It was Marx that applied a public administration principle to the study of the economy. The value of a commodity is not given simply in exchange, but in how it is produced. Political economy pays attention to the process of how things are made, the conditions in the factory, the working hours, the wages paid. Strangely, we do not apply the same thinking when it comes to policymaking in government, says Ivor Chipkin, director of the Government and Public Policy Thinktank.
There are numerous economic plans in circulation in South Africa today. At the beginning of June the Gauteng government released its ‘Covid-19 and Outlooks for South Africa’s Growth and Development 2020-2030’. Shortly afterwards, on the 10th of July 2020 the African National Congress published ‘Reconstruction, Growth and Transformation: Building a New, Inclusive Economy’, a framework for a ‘new, inclusive economy’. The same day one of the largest business associations, Business For SA, released its own plan, ‘A New Inclusive Economic Future for South Africa: Delivering an Accelerated Economic Recovery Strategy’. Both came in the wake of the document prepared by the National Treasury in August 2019, ‘Economic transformation, inclusive growth, and competitiveness: Towards an Economic Strategy for South Africa’. Elements of the National Treasury’s plan also found expression in the Minister of Finance’s emergency budget speech on the 24th of June, which painted a picture of an impending sovereign debt crisis.
If we restrict our analysis to what is to be done we can readily agree with Carol Paton, one of the country’s more talented business journalists, that there much in common between them.
Ivor Chipkin, argues, however that if we consider how these plans are to be implemented the differences between them begin to emerge.
The ANC has interpreted the current crisis as one of continuing underdevelopment, which has “thrust onto the state a greater responsibility and role in the economy and society” (RGT, p. 6). As a result “government must take on responsibilities well beyond those which are asserted by the neo-liberal agenda […]” (Ibid, p.7). The ANC does recognise that “due to subjective errors the capacity of South Africa’s democratic state has been weakened” (Ibid, p.6). Moreover, it notes that “poor cadreship has resulted in the weakening of state capacity which has been compounded by corruption”.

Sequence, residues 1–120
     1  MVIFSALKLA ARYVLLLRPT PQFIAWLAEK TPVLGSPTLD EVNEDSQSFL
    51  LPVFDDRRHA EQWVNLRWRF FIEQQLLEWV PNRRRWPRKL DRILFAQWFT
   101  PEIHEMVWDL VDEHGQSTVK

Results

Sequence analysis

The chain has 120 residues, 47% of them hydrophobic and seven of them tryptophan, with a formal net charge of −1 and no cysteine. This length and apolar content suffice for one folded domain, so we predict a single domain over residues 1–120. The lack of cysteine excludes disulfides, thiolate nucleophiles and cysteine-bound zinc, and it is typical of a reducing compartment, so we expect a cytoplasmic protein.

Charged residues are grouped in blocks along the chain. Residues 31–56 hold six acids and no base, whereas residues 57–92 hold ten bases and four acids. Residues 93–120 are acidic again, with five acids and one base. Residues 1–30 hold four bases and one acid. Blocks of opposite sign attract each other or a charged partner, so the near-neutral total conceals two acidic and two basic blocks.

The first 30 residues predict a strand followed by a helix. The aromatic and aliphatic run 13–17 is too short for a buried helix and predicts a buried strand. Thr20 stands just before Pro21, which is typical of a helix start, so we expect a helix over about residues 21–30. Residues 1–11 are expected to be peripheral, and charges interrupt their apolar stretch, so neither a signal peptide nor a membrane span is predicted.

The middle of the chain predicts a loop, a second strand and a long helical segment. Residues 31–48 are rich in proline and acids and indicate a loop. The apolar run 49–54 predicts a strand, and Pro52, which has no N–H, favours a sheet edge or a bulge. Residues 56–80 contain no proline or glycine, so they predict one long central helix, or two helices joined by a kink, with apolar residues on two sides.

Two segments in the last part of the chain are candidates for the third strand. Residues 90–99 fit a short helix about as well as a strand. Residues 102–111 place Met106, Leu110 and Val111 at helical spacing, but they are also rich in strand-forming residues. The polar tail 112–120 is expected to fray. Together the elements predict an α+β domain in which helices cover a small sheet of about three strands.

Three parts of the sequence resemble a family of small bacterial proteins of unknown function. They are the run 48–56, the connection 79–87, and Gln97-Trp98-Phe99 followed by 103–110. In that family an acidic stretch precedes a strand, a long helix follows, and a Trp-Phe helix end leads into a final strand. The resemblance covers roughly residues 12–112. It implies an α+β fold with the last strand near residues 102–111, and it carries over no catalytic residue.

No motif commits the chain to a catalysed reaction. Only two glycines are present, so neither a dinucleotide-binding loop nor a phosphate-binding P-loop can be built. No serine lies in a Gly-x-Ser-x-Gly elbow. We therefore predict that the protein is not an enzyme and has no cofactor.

Yet these admissions do not figure in the ANC’s account of how it will realise its plans, says Chipkin. The party merely states that they should be “overcome” and the rest of the document proceeds as if they have been.
Business is deeply sceptical that government departments and SOE’s can rise to the challenge. This is why it looks to the international financial community to impose discipline and coherence on planning and implementation in South Africa. There is a major emphasis in Business For South Africa’s document, that is, on improving South Africa’s position in various global rankings, including the World Bank’s Ease of Doing Business index and the World Economic Forum’s Global Competitiveness Report.
The ANC’s model of implementation in ‘Reconstruction, Growth and Transformation’ jars with its own assessment of its capacity. In a discussion document on Organisational Renewal from 2017 the party reflected:
“The political life of the organisation revolves around insidious internal strife and factional battles for power. […] The internal strife revolves around contestation for power and state resources, rather than differences on how to implement the policies of the movement” (ANC: 2017, section 134).
Why does it follow, however, that intra-party factionalism translates into factionalism in government, Ivor Chipkin asks? In principle political parties and government administrations are distinct domains.